- Jul 2021
To comedians, “material”—their jokes and stories—has always been precious, worthy of protecting and preserving.
Compare and contrast the materials of comedians versus magicians.
Collection was an important piece. Protection/secrecy was relatively similar, though with a joke, the item was as ephemeral as a magic act which would have been confounding on it's nature.
Link to Ricky Jay's collection of magic acts and pieces. Other comedy collections include George Carlin, Joan Rivers, etc.
A description of how George Carlin collected material for his comedy. No discussion of how he further worked on or refined it.
Nevertheless, Heftel says, the notes tend to stick close to the major themes of Carlin’s work: “big ideas, the minutia of everyday life, and then language.”
George Carlin's comic craft was to take broad themes and the minutiae of life and craft it together with careful language.
Over time, Carlin formalized that system: paper scraps with words or phrases would each receive a category, usually noted in a different color at the top of the paper, and then periodically those scraps would be gathered into plastic bags by category, and then those bags would go into file folders. Though he would later begin using a computer to keep track of those ideas, the basic principle of find-ability remained. “That’s how he built this collection of independent ideas that he was able to cross-reference and start to build larger routines from,” Heftel explains.
George Carlin's process of collecting and collating his material. His plastic bags by category were similar to the concept of waste books to quickly collect information (similar to the idea of fleeting notes). He later placed them into file folders (an iteration on the Zettelkasten using file folders of papers instead of index cards).
Seeing how his system worked is enough to inspire anyone not to let thoughts go to waste, notes Carlin estate archivist Logan Heftel. “A good idea,” Heftel says Carlin learned early, “is not of any use if you can’t find it.”
Now that they are part of comedy history, it can be hard to imagine George Carlin’s most famous routines as anything but finished products. Whether the infamous “Seven Words” from his album Class Clown (released exactly 45 years ago Friday) or the monologues from his hosting of the first-ever episode of Saturday Night Live (which returns for its 43rd season this Saturday), these routines can seem to have sprung fully formed from his mind. But there’s plenty of physical evidence to the contrary.
It's rarely ever the case (my cognitive bias statement), that anything springs fully formed from the mind.
Generally there's an infrastructure, a system, a method by which ideas or physical things are aggregated, accumulated, and edited into existence.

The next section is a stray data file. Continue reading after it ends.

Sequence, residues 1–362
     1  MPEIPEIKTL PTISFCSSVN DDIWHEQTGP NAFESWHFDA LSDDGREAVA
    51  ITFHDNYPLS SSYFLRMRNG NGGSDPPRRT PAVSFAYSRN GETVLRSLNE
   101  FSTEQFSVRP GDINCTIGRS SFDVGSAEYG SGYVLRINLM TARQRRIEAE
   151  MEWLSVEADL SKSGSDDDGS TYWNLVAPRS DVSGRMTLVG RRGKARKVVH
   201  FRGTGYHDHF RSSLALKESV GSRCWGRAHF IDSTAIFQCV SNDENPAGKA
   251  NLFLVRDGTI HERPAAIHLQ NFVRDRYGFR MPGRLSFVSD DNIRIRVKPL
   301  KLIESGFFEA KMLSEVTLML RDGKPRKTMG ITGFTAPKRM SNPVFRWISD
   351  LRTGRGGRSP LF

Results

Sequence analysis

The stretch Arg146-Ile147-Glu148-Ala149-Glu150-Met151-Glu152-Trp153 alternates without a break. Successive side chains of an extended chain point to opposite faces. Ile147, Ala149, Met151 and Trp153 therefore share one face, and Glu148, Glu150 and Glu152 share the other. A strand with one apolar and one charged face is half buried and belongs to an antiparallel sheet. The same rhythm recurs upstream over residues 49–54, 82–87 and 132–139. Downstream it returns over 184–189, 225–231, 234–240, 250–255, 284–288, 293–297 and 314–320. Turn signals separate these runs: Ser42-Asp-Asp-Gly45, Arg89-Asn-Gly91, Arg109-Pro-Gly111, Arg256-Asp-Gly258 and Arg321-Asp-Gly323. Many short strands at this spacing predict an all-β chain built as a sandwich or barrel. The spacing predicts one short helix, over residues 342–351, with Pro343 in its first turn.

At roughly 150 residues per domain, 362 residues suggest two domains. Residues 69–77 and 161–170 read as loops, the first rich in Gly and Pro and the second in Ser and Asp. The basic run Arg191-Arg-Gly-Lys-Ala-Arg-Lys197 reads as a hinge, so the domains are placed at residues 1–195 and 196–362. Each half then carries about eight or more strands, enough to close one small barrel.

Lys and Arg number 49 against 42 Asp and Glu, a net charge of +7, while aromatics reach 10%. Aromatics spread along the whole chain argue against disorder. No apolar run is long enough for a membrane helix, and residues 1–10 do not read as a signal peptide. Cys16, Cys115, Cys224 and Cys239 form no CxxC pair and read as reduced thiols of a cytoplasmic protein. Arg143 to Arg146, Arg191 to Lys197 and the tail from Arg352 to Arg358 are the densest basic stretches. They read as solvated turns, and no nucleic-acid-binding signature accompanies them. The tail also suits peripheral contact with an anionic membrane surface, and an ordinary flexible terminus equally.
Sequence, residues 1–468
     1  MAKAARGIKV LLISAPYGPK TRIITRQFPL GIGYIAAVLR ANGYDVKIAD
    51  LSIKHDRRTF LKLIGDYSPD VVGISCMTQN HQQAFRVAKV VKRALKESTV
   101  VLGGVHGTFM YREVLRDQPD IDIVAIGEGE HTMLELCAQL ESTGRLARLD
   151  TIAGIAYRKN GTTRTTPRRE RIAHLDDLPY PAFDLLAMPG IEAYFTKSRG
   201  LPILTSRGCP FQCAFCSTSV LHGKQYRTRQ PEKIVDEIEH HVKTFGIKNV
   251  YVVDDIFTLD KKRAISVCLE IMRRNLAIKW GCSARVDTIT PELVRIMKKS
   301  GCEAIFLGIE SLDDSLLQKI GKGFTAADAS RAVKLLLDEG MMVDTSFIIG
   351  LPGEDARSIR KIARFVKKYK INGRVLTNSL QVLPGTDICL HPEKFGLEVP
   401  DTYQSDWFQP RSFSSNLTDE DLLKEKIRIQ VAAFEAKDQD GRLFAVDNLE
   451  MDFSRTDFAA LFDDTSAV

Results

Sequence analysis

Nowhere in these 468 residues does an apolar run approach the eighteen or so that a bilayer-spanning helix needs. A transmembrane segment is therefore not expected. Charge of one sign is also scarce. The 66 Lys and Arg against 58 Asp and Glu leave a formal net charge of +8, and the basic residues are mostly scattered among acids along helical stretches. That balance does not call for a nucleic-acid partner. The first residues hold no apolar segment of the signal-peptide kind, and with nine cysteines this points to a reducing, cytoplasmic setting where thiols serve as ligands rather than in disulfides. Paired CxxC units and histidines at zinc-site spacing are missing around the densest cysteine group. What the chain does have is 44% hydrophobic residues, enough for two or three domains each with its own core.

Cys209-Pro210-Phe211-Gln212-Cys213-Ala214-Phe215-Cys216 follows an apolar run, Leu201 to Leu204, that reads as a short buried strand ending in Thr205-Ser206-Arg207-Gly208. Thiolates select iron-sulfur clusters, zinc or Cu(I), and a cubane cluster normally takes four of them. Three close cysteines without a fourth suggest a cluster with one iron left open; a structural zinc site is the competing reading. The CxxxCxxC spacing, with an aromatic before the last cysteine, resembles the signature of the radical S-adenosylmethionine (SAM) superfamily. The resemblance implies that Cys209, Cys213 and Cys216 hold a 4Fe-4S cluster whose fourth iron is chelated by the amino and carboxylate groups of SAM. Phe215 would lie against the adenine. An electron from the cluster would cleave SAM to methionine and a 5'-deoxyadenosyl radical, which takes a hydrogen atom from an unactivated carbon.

When seeing them well done, they appear magical because we don't see the work or the process. We will often call them genius, when in reality, they're the result of long hard work.
Take the Pyramids of Giza. They look large and magesterial---and likely moreso in their non-degraded form. But is it so mystical how they may have been built if we were to see the structure and scaffolding that likely went into constructing them?
- waste books
- thought spaces
- George Carlin
- writing process
- commonplace books
- lone genius myth
George Carlin’s file folders These filing systems are all analog examples, but one of my heroes, George Carlin, embraced an analog/digital system: I take a lot of single-page notes, little memo pad notes. I make a lot of notes on those things. For when I’m not near a little memo pad, I have a digital recorder… When I harvest the pieces of paper and I go through them and sort them, the one lucky thing I got in my genetic package was a great methodical left brain. I have a very orderly mind that wants to classify and index things and label them and store them according to that. I had a boss in radio when I was 18 years old, and my boss told me to write down every idea I get even if I can’t use it at the time, and then file it away and have a system for filing it away—because a good idea is of no use to you unless you can find it….[In my filing system there are files for all kinds of subjects] but then there are subfiles. Everything has subfiles….It’s like nested boxes, like the Russian dolls—it’s just folders within folders within folders. But I know how to navigate it very well, and I’m a Macintosh a guy and so Spotlight helps me a lot. I just get on Spotlight and say, let’s see, if I say “asshole” and “minister,” I then can find what I want find. “A lot of this,” Carlin said, “is discovery. A lot of things are lying around waiting to be discovered and that’s our job is to just notice them and bring them to life.”
George Carlin's file system for jokes and ideas.